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Cell Stem Cell. 2019 Aug 1;25(2):258-272.e9. doi: 10.1016/j.stem.2019.07.001.

Interconversion between Tumorigenic and Differentiated States in Acute Myeloid Leukemia.

Author information

1
Molecular Medicine Division, Walter and Eliza Hall Institute of Medical Research, 1G Royal Parade, Parkville, VIC 3052, Australia.
2
Australian Centre for Blood Diseases, Monash University, Commercial Road, Melbourne, VIC 3004, Australia.
3
Department of Pathology, New York University School of Medicine, 550 1(st) Avenue, New York, NY 10016, USA.
4
Collège de France, PSL Research University, 75005 Paris, France; INSERM U944, CNRS UMR7212, Université de Paris, Institut de Recherche Saint Louis, 75010 Paris, France; Assistance Publique/Hôpitaux de Paris, Oncologie Moléculaire, Hôpital St. Louis, 75010 Paris, France.
5
Peter MacCallum Cancer Centre, Melbourne, VIC 3000, Australia; Sir Peter MacCallum Department of Oncology, University of Melbourne, Parkville, VIC 3010, Australia.
6
Department of Biosystems Science and Engineering, ETH Zurich, Mattenstrasse 26, 4058 Basel, Switzerland.
7
Molecular Medicine Division, Walter and Eliza Hall Institute of Medical Research, 1G Royal Parade, Parkville, VIC 3052, Australia; Department of Medical Biology, University of Melbourne, Parkville, VIC 3010, Australia.
8
Molecular Medicine Division, Walter and Eliza Hall Institute of Medical Research, 1G Royal Parade, Parkville, VIC 3052, Australia; Australian Centre for Blood Diseases, Monash University, Commercial Road, Melbourne, VIC 3004, Australia; Department of Pathology, New York University School of Medicine, 550 1(st) Avenue, New York, NY 10016, USA; Department of Medical Biology, University of Melbourne, Parkville, VIC 3010, Australia.
9
Molecular Medicine Division, Walter and Eliza Hall Institute of Medical Research, 1G Royal Parade, Parkville, VIC 3052, Australia; Australian Centre for Blood Diseases, Monash University, Commercial Road, Melbourne, VIC 3004, Australia; Department of Medical Biology, University of Melbourne, Parkville, VIC 3010, Australia.
10
Molecular Immunology Division, Walter and Eliza Hall Institute of Medical Research, 1G Royal Parade, Parkville, VIC 3052, Australia.
11
Australian Centre for Blood Diseases, Monash University, Commercial Road, Melbourne, VIC 3004, Australia; Department of Clinical Haematology, The Alfred Hospital, Melbourne, VIC 3004, Australia.
12
Institute of Pathological Physiology and Biocev, First Faculty of Medicine, Charles University, Prague, Czech Republic.
13
Cancer and Haematology Division, Walter and Eliza Hall Institute of Medical Research, 1G Royal Parade, Parkville, VIC 3052, Australia.
14
Division of Hematology/Oncology, Boston Children's Hospital, Boston, MA, USA.
15
Department of Medical Biology, University of Melbourne, Parkville, VIC 3010, Australia; Cancer and Haematology Division, Walter and Eliza Hall Institute of Medical Research, 1G Royal Parade, Parkville, VIC 3052, Australia.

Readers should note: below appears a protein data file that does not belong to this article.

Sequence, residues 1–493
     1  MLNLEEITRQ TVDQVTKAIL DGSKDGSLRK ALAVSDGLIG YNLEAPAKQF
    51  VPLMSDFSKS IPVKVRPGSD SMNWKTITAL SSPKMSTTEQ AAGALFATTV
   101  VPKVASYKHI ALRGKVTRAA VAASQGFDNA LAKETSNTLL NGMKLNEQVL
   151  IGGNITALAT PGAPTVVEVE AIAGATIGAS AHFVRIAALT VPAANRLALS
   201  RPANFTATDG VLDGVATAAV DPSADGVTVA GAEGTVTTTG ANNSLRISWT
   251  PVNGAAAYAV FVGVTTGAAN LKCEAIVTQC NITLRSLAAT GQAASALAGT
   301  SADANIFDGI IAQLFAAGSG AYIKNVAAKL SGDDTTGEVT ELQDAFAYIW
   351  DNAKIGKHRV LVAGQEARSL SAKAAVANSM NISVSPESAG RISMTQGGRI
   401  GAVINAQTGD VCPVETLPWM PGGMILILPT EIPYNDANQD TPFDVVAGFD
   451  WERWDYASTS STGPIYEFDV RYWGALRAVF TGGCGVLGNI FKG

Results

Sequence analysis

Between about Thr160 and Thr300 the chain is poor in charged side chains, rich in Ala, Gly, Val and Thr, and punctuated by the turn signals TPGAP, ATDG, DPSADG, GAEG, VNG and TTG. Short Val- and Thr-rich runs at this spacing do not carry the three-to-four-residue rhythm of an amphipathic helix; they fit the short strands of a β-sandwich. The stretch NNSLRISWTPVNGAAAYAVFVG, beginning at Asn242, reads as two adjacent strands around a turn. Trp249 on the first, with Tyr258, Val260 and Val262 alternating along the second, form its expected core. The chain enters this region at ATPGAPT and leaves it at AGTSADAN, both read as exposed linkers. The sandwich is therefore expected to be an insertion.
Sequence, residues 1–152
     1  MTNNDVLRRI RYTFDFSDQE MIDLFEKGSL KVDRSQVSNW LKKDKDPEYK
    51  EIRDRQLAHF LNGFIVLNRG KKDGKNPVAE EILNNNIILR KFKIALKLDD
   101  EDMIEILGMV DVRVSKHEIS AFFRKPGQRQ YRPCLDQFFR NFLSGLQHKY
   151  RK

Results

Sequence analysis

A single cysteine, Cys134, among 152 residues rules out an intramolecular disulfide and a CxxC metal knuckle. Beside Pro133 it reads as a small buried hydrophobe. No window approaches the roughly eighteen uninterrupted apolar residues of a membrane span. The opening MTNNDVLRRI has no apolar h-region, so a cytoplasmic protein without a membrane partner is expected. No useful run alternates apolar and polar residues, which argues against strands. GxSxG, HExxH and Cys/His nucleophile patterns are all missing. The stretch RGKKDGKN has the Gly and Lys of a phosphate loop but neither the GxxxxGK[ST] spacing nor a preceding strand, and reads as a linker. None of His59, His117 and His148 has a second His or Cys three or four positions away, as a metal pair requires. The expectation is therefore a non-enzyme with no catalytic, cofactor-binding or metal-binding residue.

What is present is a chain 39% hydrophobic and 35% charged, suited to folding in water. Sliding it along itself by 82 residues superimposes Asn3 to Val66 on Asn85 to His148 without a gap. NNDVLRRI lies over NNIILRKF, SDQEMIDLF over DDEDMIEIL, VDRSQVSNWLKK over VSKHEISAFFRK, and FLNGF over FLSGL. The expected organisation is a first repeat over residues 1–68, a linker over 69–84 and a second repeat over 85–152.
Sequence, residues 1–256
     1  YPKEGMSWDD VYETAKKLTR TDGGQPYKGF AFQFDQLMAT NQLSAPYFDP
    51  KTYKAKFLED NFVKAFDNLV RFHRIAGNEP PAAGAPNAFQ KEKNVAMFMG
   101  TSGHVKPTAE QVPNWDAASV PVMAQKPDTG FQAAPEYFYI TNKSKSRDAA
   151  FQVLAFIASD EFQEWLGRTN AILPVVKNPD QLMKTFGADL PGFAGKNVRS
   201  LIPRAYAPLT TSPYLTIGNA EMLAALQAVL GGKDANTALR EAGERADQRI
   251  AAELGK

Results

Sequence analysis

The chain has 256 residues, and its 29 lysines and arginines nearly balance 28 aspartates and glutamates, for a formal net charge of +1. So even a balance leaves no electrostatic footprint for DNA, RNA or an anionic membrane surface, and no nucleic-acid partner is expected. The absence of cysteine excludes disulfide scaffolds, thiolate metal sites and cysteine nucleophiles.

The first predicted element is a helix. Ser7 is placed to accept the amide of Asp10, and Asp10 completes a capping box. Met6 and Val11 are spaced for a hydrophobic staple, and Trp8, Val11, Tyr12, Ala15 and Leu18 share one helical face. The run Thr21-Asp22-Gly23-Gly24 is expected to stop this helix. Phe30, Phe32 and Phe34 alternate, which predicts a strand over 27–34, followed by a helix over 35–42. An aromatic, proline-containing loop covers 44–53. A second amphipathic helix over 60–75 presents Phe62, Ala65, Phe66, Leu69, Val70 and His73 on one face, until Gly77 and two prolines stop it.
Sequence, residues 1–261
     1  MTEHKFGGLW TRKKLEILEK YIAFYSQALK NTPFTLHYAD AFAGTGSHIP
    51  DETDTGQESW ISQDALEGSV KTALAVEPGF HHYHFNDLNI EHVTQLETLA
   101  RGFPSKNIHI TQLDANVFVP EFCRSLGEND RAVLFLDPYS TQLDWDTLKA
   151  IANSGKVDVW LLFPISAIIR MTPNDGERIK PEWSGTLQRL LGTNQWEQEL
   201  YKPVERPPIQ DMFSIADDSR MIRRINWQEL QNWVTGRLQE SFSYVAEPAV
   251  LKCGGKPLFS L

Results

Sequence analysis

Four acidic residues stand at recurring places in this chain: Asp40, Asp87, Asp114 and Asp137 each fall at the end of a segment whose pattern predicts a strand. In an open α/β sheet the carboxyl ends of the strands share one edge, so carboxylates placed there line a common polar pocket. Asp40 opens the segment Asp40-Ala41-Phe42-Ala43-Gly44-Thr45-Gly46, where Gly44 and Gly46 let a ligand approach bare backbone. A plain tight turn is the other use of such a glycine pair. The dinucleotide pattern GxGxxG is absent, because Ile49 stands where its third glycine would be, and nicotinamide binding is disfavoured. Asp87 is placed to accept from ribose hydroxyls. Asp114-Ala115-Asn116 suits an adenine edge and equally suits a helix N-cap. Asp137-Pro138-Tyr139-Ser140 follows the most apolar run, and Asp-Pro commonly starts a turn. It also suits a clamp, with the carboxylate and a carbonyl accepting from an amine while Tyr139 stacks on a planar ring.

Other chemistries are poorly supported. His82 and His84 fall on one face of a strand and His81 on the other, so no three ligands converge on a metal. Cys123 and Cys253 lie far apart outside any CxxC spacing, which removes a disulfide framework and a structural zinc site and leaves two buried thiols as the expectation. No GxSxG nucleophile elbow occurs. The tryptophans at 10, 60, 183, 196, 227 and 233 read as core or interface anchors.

16
Division of Hematology/Oncology, Boston Children's Hospital, Boston, MA, USA; Department of Pediatrics, Harvard Medical School, Boston, MA, USA.
17
Baker Heart and Diabetes Institute, Melbourne, VIC 3004, Australia; Department of Immunology and Pathology, Monash University, Commercial Road, Melbourne, VIC 3004, Australia.
18
Department of Medical Biology, University of Melbourne, Parkville, VIC 3010, Australia; Molecular Immunology Division, Walter and Eliza Hall Institute of Medical Research, 1G Royal Parade, Parkville, VIC 3052, Australia.
19
Department of Medical Biology, University of Melbourne, Parkville, VIC 3010, Australia; Victorian Cancer Cytogenetics Service, St. Vincent's Hospital, 41 Victoria Parade, Fitzroy, VIC 3065, Australia.
20
Molecular Medicine Division, Walter and Eliza Hall Institute of Medical Research, 1G Royal Parade, Parkville, VIC 3052, Australia; Department of Medical Biology, University of Melbourne, Parkville, VIC 3010, Australia; School of Mathematics and Statistics, University of Melbourne, Parkville, VIC 3010, Australia.
21
Research Institute of Molecular Pathology, Campus Vienna Biocenter 1, 1030 Vienna, Austria; Medical University of Vienna, 1030 Vienna, Austria.
22
Australian Centre for Blood Diseases, Monash University, Commercial Road, Melbourne, VIC 3004, Australia. Electronic address: ross.dickins@monash.edu.

Abstract

Tumors are composed of phenotypically heterogeneous cancer cells that often resemble various differentiation states of their lineage of origin. Within this hierarchy, it is thought that an immature subpopulation of tumor-propagating cancer stem cells (CSCs) differentiates into non-tumorigenic progeny, providing a rationale for therapeutic strategies that specifically eradicate CSCs or induce their differentiation. The clinical success of these approaches depends on CSC differentiation being unidirectional rather than reversible, yet this question remains unresolved even in prototypically hierarchical malignancies, such as acute myeloid leukemia (AML). Here, we show in murine and human models of AML that, upon perturbation of endogenous expression of the lineage-determining transcription factor PU.1 or withdrawal of established differentiation therapies, some mature leukemia cells can de-differentiate and reacquire clonogenic and leukemogenic properties. Our results reveal plasticity of CSC maturation in AML, highlighting the need to therapeutically eradicate cancer cells across a range of differentiation states.

KEYWORDS:

PU.1; acute myeloid leukemia; acute promyelocytic leukemia; cancer stem cell; differentiation therapy; leukemia stem cell; myelopoiesis; pioneer factor; retinoic acid; transcription factor

PMID:
31374198
DOI:
10.1016/j.stem.2019.07.001

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